Rover P6 – Classic Car Review

Rover P6 - Classic Car Review
Revolutionary when new, and still well respected today, Rover’s P6 makes a practical and enjoyable classic.

Back in 1963, the Rover P6 epitomised quality and sophistication that rivals struggled to match. It was advanced, yet didn’t scare buyers – in fact, it became Britain’s favourite executive car during the 1960s and ’70s. Choose between four-cylinder and V8, manual and auto, saloon and coachbuilt estate.

Rover was known as a maker of refined and staid cars for the professional classes until 1963. That was when its young engineers’ bright ideas were let out on an unsuspecting world in the Rover 2000. Base-unit construction with unstressed panels, all-round disc brakes, racing-type De Dion rear suspension, even a rallying programme… it all lowered the average age of a Rover buyer by 10 years. The four-cylinder 2000 became a 2200 in 1973, after being joined by the pocket-rocket V8-powered 3500 and the motorway police favourite, the manual-box 3500S. The last cars were built in 1977.

Rover P6 - Classic Car Review

Classic Rover P6 Review


Engine 1978cc/4-cyl/OHC

Power [email protected]

Torque 108lb [email protected]

Top speed 104mph

0-60mph 14.7sec

Economy 25mpg

Gearbox 4-speed manual



The P6 is comprised of a skeletal base unit with bolt-on panels. Provided the underpinnings are sound, rust shouldn’t be a major concern as repair/replacement is easy. Check the wing tops, door bottoms, and front wings around the sidelights for rust. Front inner wings are a crucial checkpoint too. Both the bonnet and bootlid are aluminium, and as such should be grot-free, but don’t be surprised by lifting paint – especially round the steel washer nozzles on the bonnet. Check the rear inner door shuts and under the back seat. Rot in the floor here is bad news.
If the external sill covers are welded on, be ultra-vigilant, as you need to check the sills behind them.


P6 engines are either single/twin-carb 2.0- and 2.2- litre Heron-headed four-cylinder or all-aluminium ex-General Motors 3.5-litre V8. The manual 3500S V8 tends to be hard on gearboxes, prompting many owners to fit the five-speed LT77 gearbox from the Rover SD1. Four-cylinder engines are generally reliable, though rattly bearings are a known issue. Higher mileage manuals suffer gear selection issues regardless of the engine – both Borg Warner auto options are generally durable and a known quantity, V8s are quick but many feel the handling is not as composed as that of the four-cylinder models. Watch for low oil pressure with the V8 – 15psi at idle rising to 25psi under load is what you’re looking for.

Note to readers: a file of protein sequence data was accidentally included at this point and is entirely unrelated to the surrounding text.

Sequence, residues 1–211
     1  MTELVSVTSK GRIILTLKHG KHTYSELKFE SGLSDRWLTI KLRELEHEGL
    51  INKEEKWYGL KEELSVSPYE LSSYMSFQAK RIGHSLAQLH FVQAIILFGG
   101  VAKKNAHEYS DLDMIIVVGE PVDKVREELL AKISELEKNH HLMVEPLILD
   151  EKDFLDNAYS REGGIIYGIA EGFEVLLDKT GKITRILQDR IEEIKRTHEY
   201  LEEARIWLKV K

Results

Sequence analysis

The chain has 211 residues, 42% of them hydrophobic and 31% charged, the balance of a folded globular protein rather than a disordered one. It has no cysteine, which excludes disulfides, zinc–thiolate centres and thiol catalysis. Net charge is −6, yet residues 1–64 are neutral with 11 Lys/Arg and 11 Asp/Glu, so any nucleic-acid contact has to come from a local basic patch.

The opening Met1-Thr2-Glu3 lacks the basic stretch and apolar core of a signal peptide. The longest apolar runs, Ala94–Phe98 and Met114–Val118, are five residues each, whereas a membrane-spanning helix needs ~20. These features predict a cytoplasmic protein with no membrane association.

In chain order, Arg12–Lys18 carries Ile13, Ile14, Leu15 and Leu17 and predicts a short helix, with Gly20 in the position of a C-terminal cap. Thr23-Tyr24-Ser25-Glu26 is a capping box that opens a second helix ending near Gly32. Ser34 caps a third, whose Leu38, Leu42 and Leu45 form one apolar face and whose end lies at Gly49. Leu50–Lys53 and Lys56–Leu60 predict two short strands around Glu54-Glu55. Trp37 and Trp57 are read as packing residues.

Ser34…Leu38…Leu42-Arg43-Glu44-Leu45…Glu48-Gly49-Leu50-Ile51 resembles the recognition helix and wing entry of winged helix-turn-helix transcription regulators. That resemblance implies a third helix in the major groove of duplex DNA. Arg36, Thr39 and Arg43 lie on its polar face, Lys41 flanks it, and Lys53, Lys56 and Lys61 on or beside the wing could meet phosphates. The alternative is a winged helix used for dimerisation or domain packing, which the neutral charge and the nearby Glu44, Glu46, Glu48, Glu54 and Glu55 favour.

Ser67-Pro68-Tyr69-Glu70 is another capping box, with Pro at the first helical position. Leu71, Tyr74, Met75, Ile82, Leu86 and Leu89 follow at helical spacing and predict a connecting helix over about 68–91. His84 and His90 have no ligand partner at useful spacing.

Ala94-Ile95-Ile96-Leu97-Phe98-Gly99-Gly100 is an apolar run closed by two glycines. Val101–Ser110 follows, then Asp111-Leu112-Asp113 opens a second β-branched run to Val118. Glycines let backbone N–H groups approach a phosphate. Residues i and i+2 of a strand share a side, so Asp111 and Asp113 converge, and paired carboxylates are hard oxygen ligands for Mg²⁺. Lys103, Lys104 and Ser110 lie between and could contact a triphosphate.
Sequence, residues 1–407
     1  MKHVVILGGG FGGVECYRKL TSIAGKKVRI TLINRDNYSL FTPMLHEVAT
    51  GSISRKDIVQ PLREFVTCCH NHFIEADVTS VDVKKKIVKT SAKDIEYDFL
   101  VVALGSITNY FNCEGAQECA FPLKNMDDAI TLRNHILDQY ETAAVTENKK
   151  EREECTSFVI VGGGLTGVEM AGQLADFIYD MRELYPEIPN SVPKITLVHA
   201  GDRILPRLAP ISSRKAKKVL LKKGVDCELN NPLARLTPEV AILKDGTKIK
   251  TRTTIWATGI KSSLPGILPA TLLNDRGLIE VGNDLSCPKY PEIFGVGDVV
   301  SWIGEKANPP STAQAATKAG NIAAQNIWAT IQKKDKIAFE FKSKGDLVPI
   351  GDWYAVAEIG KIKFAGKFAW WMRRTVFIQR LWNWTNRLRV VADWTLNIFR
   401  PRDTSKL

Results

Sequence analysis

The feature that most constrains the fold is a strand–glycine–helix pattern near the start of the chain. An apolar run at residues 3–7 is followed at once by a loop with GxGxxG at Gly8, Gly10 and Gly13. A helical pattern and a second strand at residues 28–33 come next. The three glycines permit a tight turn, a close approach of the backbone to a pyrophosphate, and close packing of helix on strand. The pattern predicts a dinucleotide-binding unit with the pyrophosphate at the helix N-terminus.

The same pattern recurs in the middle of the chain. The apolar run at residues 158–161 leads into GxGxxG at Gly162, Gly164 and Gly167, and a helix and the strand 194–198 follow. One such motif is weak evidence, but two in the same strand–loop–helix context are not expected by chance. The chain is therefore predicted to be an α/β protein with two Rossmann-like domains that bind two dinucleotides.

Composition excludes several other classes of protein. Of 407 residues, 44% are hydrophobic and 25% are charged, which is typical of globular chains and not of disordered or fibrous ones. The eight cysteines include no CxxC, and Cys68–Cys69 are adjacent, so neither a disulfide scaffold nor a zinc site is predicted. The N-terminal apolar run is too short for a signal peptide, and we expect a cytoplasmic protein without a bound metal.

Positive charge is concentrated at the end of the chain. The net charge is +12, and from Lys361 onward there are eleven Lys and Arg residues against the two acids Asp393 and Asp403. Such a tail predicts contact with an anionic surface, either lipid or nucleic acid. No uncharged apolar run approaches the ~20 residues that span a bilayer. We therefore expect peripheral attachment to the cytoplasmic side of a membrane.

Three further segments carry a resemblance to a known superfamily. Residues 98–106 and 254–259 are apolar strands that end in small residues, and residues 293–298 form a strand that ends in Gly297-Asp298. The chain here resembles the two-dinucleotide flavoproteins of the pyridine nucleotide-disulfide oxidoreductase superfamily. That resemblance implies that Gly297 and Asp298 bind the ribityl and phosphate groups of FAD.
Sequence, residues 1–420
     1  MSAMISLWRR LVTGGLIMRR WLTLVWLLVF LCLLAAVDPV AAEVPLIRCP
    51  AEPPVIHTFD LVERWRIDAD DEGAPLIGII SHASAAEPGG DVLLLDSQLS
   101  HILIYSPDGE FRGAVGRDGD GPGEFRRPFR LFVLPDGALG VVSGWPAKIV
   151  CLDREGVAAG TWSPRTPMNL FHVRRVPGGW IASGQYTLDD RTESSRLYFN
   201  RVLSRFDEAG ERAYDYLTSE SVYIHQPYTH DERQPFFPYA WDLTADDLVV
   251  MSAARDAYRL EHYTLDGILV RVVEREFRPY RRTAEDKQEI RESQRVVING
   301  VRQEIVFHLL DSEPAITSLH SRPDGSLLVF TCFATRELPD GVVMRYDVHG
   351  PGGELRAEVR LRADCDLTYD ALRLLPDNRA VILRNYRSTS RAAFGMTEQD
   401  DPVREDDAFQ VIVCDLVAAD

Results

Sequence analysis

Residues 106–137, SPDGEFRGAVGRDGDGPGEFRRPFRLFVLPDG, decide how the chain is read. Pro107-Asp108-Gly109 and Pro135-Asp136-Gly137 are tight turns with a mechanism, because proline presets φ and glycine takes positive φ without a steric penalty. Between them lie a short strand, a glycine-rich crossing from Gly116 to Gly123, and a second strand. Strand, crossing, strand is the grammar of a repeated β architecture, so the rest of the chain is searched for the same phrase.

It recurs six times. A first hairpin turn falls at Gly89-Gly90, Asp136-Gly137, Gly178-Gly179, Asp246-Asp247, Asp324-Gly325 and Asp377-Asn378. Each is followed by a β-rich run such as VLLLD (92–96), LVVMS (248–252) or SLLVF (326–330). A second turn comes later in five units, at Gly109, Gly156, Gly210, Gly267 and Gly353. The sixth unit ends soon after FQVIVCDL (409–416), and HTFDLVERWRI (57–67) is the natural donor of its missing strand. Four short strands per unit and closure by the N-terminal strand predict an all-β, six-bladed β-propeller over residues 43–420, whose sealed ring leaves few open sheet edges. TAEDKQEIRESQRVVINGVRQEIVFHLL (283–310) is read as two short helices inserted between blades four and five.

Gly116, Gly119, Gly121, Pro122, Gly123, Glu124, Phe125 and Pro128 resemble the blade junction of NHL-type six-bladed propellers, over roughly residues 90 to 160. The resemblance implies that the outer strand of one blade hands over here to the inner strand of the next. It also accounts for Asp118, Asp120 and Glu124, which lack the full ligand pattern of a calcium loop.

The brakes – discs all round – should provide strong stopping power, but owners sometimes neglect the rears as they’re inboard. Check the handbrake adjustment – many have a near-vertical handbrake lever – and bear in mind that parts are not interchangeable between the pre-’66 Dunlop braking system and the post-’66 Girling set-up. Check the de Dion elbows at the rear – the back of the car can drop if these fracture. The rear springs sag, but are easily replaced, and check the front joints if the car knocks or bangs. Vague, heavy or ‘tight’ steering indicates an over-tightened steering box. Power steering is a popular upgrade.


Don’t be worried about the condition of the ‘wood’. Unless you have an early car, it’s Formica and easily replaced. The earlier, flatter leather seats wear best 1971- ’73 cars are prone to shrinkage and tearing. Cloth ages badly, but the 3500S’s Ambla trim stays in good condition for longer. Dashboards can distort in the sun, and door cards often lift. Red leather is rare and unusual, but no more valuable. The Series II’s fusebox is a known problem area – the operating temperature of some fuses is higher than the melting point of the fusebox plastic, leading to inevitable shorting out. Most P6s are fitted with an alternator, although a handful of pre- 1970 cars used a dynamo. Since this is prone to regulator failure, only sticklers for originality object to an alternator conversion on these cars.


If you’re looking for a technically audacious classic car that isn’t a Citroen DS, then the Rover P6 is an obvious choice. It encapsulates establishment values, feels beautifully made and – with the possible exception of the sluggish 2000 auto – is more than capable of coping with the speeds of modern traffic. And yet, for all of its innovations, it won’t break the bank to buy or run, although rarities such as the run-out VIP and FLM Panelcraft estate do command premiums.
Buy now while these cars are still (relatively) cheap. They are durable classics with family practicality, and running-costs are quite reasonable, though greater for the V8s than the four-cylinders. Like all “Rover Company” Rovers, they also have a great deal of charm.